12. The apparatus of claim 10, further comprising:
a reference current source coupled to the source of the first transistor.
13. The apparatus of claim 10, further comprising:
a second transistor having a gate which is coupled to the operational amplifier; and
a current source coupled to a source of the second transistor.
14. Apparatus for detecting a reset process for a reversible resistance-switching element in a memory device, comprising:
an operational amplifier, a ramped up voltage is input to a first input terminal of the operational amplifier;
a first transistor having a gate which is coupled to the operational amplifier, the operational amplifier provides a voltage at the gate, a voltage at a source of the first transistor follows the voltage at the gate;
a bit line which is coupled to the reversible resistance-switching element and to the source of the first transistor;
a sense line which is connected as a mirror of the bit line; and
a peak detector coupled to the sense line to detect when a resistance of the reversible resistance-switching element switches to a higher level.
15. The apparatus of claim 14, wherein:
the sense line is connected as the mirror of the bit line via a pair of mirror pMOS transistors, gates of the mirror pMOS transistors are coupled to a drain of the first transistor via a charge storage component.
16. The apparatus of claim 15, further comprising:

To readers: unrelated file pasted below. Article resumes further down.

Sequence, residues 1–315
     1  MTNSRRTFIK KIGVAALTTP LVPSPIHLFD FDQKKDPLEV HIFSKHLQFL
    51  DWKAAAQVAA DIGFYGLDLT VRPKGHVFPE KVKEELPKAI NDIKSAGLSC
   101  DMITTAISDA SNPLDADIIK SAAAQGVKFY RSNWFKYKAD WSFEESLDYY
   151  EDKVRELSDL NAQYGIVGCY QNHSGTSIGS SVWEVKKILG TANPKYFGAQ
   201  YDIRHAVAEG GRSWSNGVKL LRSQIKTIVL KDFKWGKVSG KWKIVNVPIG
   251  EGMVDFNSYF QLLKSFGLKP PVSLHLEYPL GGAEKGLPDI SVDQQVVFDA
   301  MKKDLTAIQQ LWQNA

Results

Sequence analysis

at least a first switch which is controlled to charge the charge storage component before the ramped up voltage is input to the first input terminal of the operational amplifier.
17. The apparatus of claim 14, wherein:
the sense line is connected as the mirror of the bit line via a pair of pMOS mirror transistors, each pMOS mirror transistor is in a conductive state with a negative gate-to-source voltage.
18. The apparatus of claim 14, wherein:
the peak detector comprises an inverter coupled to the sense line, an output of the inverter is inverted when the resistance of the reversible resistance-switching element switches to the higher level.
19. The apparatus of claim 14, further comprising:
circuitry coupled to the sense line which draws current from the sense line at a peak level after the resistance of the reversible resistance-switching element switches to the higher level.
20. The apparatus of claim 14, wherein:
the operational amplifier generates a ramped up output voltage, a voltage in the bit line is ramped up in correspondence with the ramped up output voltage until the voltage in the bit line reaches a level which is sufficient to switch the resistance of the reversible resistance-switching element to the higher level, a voltage in the sense line is ramped up in correspondence with the ramped up output voltage, after which the voltage in the sense line drops.
Description
CROSS REFERENCE TO RELATED APPLICATIONS

This application claims the benefit of U.S. provisional patent application No. 61/103,225, filed Oct. 6, 2008, incorporated herein by reference.

BACKGROUND

The present invention relates to technology for data storage.